Sleep vital for preschoolers
Some children will try anything to get out of going to sleep at night.
As a parent and a grandparent, I know the struggles of trying to keep a bedtime consistent with life’s activities and demands. I used to believe that if you let your child run around and burn off their energy until they are tired, you would have an easier time putting your child to sleep. However, an overtired child often makes for a very cranky child and your bedtime may prove to still be very difficult.
According to the National Sleep Foundation, preschool children ages 3-5 need about 11-13 hours of sleep each night, including a one- to two-hour daily nap. That’s a lot of sleep!
So I have a few suggestions to help make your child’s bedtime a smooth transition. The first suggestion is to have a bedtime routine. You may want to start with a bath, brushing teeth, story time, quiet activity and then bedtime. In a recent study, it was shown that children who watch television or videos before bedtime tend to have more difficulty falling asleep and staying asleep during the night. So only quiet activities should be allowed for at least the last hour before bedtime.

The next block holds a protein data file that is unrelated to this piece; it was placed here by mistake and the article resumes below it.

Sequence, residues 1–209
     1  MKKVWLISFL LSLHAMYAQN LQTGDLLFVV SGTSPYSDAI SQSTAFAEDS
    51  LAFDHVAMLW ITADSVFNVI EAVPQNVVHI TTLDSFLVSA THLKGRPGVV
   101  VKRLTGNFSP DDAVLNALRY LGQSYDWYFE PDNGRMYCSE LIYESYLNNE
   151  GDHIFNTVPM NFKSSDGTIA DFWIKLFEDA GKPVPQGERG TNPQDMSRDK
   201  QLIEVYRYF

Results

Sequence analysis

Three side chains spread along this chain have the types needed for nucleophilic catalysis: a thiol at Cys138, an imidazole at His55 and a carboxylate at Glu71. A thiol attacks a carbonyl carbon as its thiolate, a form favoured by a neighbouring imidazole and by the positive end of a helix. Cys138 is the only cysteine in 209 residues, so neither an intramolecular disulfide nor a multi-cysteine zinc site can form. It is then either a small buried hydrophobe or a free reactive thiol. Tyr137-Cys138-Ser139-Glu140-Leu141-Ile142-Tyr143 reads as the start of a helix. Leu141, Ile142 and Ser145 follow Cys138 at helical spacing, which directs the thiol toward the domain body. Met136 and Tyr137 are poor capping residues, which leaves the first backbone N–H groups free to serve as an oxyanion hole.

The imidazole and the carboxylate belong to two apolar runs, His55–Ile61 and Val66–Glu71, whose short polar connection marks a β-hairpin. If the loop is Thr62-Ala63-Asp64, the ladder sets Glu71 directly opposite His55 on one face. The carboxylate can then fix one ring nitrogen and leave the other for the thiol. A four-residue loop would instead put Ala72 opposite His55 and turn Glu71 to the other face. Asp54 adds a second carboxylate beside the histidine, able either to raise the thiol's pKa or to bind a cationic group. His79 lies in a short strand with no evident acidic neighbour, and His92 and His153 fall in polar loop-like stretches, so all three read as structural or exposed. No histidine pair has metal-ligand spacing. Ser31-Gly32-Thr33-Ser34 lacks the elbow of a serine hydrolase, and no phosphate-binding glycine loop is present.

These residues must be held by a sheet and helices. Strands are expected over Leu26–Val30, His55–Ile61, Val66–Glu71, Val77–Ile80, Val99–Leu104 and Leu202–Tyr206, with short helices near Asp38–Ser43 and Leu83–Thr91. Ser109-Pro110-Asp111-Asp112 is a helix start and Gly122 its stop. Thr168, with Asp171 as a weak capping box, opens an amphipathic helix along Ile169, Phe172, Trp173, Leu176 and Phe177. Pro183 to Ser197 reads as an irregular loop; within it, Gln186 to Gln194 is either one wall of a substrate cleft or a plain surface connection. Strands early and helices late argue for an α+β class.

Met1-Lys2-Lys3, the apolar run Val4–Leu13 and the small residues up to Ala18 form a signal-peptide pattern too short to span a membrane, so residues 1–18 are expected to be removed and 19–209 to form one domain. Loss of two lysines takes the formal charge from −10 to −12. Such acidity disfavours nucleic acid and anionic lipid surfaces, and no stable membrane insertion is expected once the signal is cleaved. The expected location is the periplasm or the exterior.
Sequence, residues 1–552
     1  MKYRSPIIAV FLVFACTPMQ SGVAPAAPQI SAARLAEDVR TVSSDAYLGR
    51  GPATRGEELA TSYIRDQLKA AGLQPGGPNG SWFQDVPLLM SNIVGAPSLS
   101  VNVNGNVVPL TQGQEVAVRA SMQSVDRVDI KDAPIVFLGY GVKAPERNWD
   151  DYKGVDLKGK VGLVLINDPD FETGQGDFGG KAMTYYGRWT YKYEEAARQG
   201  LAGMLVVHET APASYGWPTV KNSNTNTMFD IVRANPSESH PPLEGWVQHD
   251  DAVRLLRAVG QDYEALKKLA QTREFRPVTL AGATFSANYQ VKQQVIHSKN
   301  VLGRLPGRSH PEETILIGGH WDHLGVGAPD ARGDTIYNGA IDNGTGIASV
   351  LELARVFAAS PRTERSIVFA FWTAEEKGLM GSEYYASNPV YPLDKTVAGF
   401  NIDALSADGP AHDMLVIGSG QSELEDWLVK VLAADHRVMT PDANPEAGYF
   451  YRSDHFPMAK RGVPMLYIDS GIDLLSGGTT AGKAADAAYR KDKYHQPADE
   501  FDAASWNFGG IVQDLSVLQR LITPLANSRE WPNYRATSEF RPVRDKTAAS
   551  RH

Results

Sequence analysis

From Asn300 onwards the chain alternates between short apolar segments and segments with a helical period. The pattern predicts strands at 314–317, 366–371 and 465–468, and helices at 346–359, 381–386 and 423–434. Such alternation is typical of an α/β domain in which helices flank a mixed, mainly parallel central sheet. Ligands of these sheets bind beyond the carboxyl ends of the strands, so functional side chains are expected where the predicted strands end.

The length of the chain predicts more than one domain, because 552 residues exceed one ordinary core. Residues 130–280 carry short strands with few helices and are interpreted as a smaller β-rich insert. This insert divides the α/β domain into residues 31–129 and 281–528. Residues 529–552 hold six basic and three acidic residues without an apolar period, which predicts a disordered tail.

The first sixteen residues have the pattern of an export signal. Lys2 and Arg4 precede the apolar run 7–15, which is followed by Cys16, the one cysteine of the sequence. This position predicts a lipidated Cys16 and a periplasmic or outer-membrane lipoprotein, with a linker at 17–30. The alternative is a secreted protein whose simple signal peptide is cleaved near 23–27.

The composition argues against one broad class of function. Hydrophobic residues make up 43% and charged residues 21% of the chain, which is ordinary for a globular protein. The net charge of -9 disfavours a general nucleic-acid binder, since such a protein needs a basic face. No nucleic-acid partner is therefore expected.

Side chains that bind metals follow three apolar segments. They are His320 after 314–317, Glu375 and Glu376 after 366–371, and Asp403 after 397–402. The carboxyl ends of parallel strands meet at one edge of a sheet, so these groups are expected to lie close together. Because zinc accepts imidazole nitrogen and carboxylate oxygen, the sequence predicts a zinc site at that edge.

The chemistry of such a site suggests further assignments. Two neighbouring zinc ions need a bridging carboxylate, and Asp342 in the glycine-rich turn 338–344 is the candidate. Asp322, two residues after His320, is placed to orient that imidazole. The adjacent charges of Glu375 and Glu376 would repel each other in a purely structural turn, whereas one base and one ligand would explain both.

Although life’s activities and demands can set our daily schedules, bedtime should be as consistently as possible at the same time each night. If your child “throws a fit” during bedtime, it is best to stay calm, be consistent with having your child stay in the bed, and reassure your child that they are safe. Sometimes a nightlight or a comforting toy in bed will help a child feel secure that may be afraid of the dark.
A good night’s sleep is very important for a child. A child that gets a good night’s sleep will tend to do much better in school than their peers that don’t get enough hours of sleep. Lack of sleep can affect a child’s mood, behavior, and the ability to concentrate during the day. Make your child’s bedtime a priority!
Cornerstone Preschool, 1098 S. 5th Ave., offers structured academic programs and care for children through pre-Kindergarten. For more information, call 782-1995.